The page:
Tough Times at the Times: staff space gets pinched

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That 39% decline in profits last quarter, coming after a string of bad news quarters and disastrous decline in its stock price, has finally started to hit the New York Times where it lives: in its new offices, which are about to become a lot more cramped than planned.

The Times is building a brand new glamorous high tech skyscraper headquarters in New York's Midtown. Designed by the au courant architect Renzo Piano, I call it the Pinch Mahal. The company used eminent domain to evict 55 businesses from some of the needed land, bought Port Authority land at a steep discount, and got ample tax breaks.

The plan was for the NYT to occupy the first 29 floors. But today comes news that five of those floors will be taken away and rented out, at an estimated $85 per square foot, which would make it in the top tier of commercial office space rentals in America.

The floors to be rented out, curiously enough, are the 23rd through the 27th floors. This means that floors 28 and 29 will separated from the rest of the operation. Could they possibly be the executive floors? Will Pinch increase the distance between his own digs and those of the plebes? It is, after all, quite common for the bosses to grab the top floors.

It also means that either there will fewer worker bees at the Times, or that there will be a lot more elbows bumping into each other. Or maybe both.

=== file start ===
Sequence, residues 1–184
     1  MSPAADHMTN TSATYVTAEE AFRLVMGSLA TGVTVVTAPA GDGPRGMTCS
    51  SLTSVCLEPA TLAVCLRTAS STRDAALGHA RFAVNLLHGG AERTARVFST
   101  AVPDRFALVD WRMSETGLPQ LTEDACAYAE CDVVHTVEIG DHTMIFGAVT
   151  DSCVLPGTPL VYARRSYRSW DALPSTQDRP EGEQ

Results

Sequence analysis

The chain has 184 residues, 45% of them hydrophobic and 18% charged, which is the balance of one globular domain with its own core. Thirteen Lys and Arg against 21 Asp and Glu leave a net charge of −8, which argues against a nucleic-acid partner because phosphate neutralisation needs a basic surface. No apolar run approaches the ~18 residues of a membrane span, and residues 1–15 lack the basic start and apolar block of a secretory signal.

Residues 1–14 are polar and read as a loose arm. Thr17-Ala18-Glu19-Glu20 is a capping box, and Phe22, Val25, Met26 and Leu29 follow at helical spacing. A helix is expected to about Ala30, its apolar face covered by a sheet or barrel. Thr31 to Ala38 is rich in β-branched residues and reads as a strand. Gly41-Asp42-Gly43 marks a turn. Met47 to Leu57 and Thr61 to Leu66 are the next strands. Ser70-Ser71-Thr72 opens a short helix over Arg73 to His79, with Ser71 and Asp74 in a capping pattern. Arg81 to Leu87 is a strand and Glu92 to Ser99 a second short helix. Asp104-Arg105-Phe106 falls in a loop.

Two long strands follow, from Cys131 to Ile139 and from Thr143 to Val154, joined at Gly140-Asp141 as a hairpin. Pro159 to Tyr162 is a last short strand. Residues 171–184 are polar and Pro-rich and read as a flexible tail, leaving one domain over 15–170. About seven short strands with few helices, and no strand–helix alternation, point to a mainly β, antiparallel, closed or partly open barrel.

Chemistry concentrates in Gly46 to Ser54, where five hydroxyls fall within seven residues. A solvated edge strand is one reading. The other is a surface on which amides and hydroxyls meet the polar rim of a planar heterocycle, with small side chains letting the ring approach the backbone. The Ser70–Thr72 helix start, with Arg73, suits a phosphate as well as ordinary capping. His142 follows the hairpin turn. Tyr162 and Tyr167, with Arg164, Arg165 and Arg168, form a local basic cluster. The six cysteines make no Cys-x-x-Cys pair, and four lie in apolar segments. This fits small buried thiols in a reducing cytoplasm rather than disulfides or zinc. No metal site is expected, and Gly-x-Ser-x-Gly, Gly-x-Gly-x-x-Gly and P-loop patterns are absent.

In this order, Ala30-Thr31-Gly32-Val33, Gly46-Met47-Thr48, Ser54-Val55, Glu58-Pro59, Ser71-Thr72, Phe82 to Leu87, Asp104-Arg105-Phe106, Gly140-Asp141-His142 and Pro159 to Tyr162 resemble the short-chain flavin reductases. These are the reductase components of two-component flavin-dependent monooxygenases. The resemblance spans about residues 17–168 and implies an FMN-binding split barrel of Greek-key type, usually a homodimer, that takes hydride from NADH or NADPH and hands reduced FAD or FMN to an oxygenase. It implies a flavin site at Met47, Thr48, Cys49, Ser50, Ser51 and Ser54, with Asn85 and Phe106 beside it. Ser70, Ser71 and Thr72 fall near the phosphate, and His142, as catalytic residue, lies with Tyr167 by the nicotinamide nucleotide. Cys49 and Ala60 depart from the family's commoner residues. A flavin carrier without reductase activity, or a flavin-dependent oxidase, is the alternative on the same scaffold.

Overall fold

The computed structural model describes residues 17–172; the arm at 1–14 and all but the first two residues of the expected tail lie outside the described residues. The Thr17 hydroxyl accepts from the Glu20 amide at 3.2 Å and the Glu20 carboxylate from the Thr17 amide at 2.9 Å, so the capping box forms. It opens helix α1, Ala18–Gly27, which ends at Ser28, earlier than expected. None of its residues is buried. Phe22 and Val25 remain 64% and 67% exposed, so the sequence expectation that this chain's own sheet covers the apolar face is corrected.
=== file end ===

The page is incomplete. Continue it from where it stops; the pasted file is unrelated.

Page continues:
That tightening belt is beginning to Pinch. It would be a great symbolic move if Pinch gave up his private office and moved to a desk in the City Room. But I bet that Pinch won't get pinched.

Thomas Lifson   10 31 06

That 39% decline in profits last quarter, coming after a string of bad news quarters and disastrous decline in its stock price, has finally started to hit the New York Times where it lives: in its new offices, which are about to become a lot more cramped than planned.

The Times is building a brand new glamorous high tech skyscraper headquarters in New York's Midtown. Designed by the au courant architect Renzo Piano, I call it the Pinch Mahal. The company used eminent domain to evict 55 businesses from some of the needed land, bought Port Authority land at a steep discount, and got ample tax breaks.

The plan was for the NYT to occupy the first 29 floors. But today comes news that five of those floors will be taken away and rented out, at an estimated $85 per square foot, which would make it in the top tier of commercial office space rentals in America.

The floors to be rented out, curiously enough, are the 23rd through the 27th floors. This means that floors 28 and 29 will separated from the rest of the operation. Could they possibly be the executive floors? Will Pinch increase the distance between his own digs and those of the plebes? It is, after all, quite common for the bosses to grab the top floors.

It also means that either there will fewer worker bees at the Times, or that there will be a lot more elbows bumping into each other. Or maybe both.

That tightening belt is beginning to Pinch. It would be a great symbolic move if Pinch gave up his private office and moved to a desk in the City Room. But I bet that Pinch won't get pinched.

Thomas Lifson   10 31 06